All my messages have been sent by footmen. I cannot today send a mounted man to the general-in-chief nor to either of the corps commanders under me. I have had bridges to construct in water from eight to fifteen feet in depth and have not had a man of experience with me. If it is not absolutely necessary to retain all the engineer troops with the Right Wing, I earnestly hope that at least one company of the Fifth Michigan may be sent to this wing. I also ask that at least 100 good cavalrymen, under good officers, my be permanently assigned to duty with me. I would like the Ninth Illinois Mounted Infantry.

HDQRS. MILITARY DIVISION OF THE MISSISSIPPI, In the Field, Graham’s Station, February 9, 1865-12 m.

Major-General SLOCUM, Blackville:
Your note of this morning is received. Williams moved hence for Blackville this a.m. The Michigan Engineers have been ordered to your flank to twist railroad. Tell Williams I have inspected his work here, and the bars are not twisted; better do half the quantity, but do it thoroughly; unless there be a warp, the bar can be straightened again. All the cavalry is now and has been on your flank. Kilpatrick was last night up at Williston, where he whipped a division of cavalry, and is moving to break up railroad partially as far as Aiken. I was in hopes you would turn Davis off below Coosawhatchie Swamp, through Barnwell, to Williston or White Pond. Get him, as soon as possible, at work on the railroad from Williston west, and in the meantime have the bridges at Guignard’s and Pine Log examined, so as to cross there, or at the head of Young’s Island. My orders of yesterday give the next movement.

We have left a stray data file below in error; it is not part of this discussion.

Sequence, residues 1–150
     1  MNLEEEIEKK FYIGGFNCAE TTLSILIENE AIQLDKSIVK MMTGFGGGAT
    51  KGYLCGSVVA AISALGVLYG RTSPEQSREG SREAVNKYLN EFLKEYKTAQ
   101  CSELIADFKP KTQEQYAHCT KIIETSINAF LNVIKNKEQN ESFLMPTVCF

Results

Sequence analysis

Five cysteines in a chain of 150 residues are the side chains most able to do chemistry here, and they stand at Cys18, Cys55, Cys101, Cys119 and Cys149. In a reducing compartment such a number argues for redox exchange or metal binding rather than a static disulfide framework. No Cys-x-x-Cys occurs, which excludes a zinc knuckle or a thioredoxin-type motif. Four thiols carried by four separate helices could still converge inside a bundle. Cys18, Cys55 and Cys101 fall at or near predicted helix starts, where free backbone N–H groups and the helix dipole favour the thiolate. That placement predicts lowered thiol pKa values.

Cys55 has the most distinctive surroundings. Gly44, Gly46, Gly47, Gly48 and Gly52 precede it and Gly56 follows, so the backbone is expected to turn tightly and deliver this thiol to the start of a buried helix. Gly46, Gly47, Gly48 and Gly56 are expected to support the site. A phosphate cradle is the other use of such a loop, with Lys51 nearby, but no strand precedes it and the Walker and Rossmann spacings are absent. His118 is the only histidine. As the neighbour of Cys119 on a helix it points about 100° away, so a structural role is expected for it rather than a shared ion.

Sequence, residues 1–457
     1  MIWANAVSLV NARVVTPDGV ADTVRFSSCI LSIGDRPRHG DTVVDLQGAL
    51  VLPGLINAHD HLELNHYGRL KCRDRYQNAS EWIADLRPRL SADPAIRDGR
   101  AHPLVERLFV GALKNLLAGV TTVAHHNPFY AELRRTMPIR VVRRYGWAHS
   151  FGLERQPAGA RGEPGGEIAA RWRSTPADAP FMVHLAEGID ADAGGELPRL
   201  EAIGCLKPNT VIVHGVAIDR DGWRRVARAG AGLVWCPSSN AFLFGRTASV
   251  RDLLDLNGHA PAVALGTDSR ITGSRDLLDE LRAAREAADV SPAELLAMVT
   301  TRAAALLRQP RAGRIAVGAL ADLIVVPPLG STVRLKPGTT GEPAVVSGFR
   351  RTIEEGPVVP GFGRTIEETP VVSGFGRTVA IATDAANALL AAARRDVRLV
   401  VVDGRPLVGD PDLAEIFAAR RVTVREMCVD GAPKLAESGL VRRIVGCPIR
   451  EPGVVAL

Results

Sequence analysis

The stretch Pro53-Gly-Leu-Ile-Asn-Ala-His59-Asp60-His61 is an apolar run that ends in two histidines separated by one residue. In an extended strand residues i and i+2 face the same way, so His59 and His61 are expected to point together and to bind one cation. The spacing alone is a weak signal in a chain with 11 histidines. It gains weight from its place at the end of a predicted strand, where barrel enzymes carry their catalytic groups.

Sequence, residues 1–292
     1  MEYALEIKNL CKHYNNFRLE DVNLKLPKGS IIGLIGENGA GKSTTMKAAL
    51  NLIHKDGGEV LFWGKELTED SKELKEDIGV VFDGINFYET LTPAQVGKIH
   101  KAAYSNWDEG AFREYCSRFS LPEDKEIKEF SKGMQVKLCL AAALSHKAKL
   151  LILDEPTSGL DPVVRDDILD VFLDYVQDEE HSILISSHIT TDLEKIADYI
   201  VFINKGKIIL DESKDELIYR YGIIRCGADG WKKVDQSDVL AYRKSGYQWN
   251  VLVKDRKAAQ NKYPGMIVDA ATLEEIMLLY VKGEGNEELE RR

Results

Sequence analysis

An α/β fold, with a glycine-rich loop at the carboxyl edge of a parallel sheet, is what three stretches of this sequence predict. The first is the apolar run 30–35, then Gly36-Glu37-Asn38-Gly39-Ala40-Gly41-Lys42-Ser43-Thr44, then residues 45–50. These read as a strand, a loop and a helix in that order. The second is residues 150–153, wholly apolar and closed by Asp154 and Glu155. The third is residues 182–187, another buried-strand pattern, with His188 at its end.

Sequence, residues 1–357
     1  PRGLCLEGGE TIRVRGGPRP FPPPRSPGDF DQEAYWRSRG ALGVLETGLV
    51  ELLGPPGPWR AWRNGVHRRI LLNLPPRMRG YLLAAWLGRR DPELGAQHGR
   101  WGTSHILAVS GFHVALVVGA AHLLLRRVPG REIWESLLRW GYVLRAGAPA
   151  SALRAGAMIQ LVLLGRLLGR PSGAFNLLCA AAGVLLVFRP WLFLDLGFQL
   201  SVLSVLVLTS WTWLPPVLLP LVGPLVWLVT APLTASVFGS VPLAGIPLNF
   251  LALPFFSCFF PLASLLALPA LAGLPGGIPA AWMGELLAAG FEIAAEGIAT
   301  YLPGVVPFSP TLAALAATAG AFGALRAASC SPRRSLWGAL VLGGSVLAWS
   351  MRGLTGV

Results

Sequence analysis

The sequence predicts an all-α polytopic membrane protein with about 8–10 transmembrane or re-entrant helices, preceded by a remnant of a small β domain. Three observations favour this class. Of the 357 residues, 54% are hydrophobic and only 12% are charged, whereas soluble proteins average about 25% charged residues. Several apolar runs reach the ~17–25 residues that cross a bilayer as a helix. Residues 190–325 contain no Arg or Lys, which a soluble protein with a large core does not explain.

Today, Howard with the Seventeenth Corps, is moving to Binnaker’s Bridge. Two divisions of the Fifteenth Corps are at the forks of the roads west of this, and the other at Holman’s Bridge. Don’t take any of Kilpatrick’s cavalry to make escorts or orderlies, for he has to fight and contend now with double and nearly treble his numbers. For courier duty and orderlies, pick up horses and mount drummers and non-combatants. If necessary to get horses, break up teams and use mules for ambulances, burning up the empty wagons. Howard has no cavalry save one fragment of mounted infantry. By keeping on our left you will have henceforth good foraging ground, and may pick up horses and plenty of forage. Pine Log Ford will be the place for Kilpatrick to cross over the South Edisto. Your best points will be the head of Young’s Island and Guignard’s. We must all turn amphibious, for the country is half under water. Mower had to fight at the Salkehatchie with his men up to their armpits, he setting the example. I think we can spend all of tomorrow on railroad breaking, but next day we must be across Edisto. You can gain time on Howard as he swings against Orangeburg. Your wing will move on Columbia.

W. T. SHERMAN, Major-General